The sudden resignation of Urban Meyer earlier this week set off a feeding frenzy of rumor, speculation and idiocacy across the web. Everyone with a pulse has put forth candidates for Jeremy Foley. Gator Nation is enjoying this, feeling good about themselves as potential savior coaches are bandied about. Nevermind that the most successful coach in Florida history has just quit on the program. Not much of a pause to consider what an amazing run it was and how lucky we were to catch lightning in a bottle (as well as quite a few breaks on the field). And to be honest, I’m as guilty as anyone of scrubbing my memory.
Meyer’s return this year soured his legecy for our spoiled fanbase. As opposed to last December, the news hit me this year with barely a shrug. Last year, we were stunned. And although it only lasted a day before he announced he would take a leave of absence instead, it was still a shocking 24 hours. But this year, I didn’t blink. My heat rate didn’t change. I immediately thought it was the right move and good for both parties. How is that even possible?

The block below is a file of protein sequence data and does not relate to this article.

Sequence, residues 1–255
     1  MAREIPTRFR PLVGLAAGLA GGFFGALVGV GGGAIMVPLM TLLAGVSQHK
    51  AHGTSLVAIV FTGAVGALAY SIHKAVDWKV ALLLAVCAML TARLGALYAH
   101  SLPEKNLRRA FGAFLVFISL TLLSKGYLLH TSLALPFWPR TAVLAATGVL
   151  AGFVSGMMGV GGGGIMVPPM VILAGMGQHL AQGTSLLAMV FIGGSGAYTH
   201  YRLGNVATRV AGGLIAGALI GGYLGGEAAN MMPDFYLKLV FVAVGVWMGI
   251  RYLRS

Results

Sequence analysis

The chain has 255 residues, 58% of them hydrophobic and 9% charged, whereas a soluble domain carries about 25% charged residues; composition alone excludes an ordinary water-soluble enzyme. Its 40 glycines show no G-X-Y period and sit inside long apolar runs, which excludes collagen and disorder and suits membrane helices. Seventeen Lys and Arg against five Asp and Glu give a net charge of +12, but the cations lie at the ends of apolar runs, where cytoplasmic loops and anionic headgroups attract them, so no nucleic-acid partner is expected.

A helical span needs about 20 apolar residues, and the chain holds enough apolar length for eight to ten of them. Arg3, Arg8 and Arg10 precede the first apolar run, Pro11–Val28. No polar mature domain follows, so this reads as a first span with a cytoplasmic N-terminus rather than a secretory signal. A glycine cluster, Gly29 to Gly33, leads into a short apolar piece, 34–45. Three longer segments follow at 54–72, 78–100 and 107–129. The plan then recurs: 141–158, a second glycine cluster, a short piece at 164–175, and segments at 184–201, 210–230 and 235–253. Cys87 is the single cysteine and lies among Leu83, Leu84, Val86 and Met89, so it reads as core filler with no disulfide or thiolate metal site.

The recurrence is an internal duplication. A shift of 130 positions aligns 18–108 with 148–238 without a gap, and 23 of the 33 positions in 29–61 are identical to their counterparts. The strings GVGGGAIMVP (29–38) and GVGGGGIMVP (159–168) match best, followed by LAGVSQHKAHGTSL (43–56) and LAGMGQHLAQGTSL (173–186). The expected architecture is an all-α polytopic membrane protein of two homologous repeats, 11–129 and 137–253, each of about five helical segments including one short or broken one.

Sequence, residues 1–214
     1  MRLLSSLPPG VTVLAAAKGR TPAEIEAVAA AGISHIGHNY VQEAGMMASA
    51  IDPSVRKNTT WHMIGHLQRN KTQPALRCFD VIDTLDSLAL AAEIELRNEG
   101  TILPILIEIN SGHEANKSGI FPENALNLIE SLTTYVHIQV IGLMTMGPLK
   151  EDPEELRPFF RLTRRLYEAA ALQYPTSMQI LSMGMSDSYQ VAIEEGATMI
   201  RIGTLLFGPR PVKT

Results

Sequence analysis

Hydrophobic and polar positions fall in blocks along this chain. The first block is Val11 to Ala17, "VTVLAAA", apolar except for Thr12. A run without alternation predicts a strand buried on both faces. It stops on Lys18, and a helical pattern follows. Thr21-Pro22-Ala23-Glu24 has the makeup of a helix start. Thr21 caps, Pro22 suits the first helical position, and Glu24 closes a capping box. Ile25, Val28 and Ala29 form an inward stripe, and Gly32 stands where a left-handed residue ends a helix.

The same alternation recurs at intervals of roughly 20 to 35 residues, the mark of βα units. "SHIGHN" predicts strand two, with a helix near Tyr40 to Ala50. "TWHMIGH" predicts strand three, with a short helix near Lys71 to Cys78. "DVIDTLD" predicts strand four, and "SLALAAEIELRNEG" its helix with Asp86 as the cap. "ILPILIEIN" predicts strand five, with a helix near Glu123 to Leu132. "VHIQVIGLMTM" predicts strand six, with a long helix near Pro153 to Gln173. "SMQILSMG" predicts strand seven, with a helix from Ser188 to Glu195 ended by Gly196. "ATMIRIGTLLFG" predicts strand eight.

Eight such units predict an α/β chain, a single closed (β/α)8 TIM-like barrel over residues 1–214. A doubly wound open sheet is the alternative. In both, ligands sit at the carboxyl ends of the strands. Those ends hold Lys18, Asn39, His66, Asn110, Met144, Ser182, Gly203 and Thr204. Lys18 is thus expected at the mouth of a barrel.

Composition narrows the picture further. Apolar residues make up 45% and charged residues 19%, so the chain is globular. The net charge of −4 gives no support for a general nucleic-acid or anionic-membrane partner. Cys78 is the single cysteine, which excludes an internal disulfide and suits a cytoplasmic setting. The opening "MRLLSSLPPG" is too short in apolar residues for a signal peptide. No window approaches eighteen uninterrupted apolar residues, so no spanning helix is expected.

Meyer won two national titles in six seasons. He continually pulled in top 3 recruiting classes. With Meyer on the sidelines, Florida has been a national powerhouse. Had he walked away after last year’s meltdown, it would have been devastating but honorable. He loves his family and had serious health concerns. Instead, he was talked into coming back, whether by Foley, Machen, Marotti or Addazio, but didn’t have the same passion and fire that made him a successful coach. Every Gator fan last year, when faced with the thought of Meyer leaving for good or coming back and cutting back on what made him great thought the latter was good enough. We were all wrong and so was Meyer. But should we blame Meyer for giving it a try? We are all complicit because we all wanted it.
So we sit here today, a few days after the announcement, and we barely think about Meyer anymore. Most of Gator Nation is obsessed with the latest rumor to be set adrift by the cyber rumor mill. Yesterday it was Chris Petersen. Today it is Bob Stoops. Tomorrow it will be someone else. But whether it is either of those guys or Dan Mullen or Charlie Strong or Jim Harbaugh, it will be a tough act to follow. Meyer restored Gator Nation’s sense of entitlement after the misery of the Zook years. It’s just too bad that our inflated image of our program will prevent us from seeing nothing but greatness in Meyer’s time here. Instead, we’ll remember how it ended without the humility to realize that even on the down note, it was still a legendary run.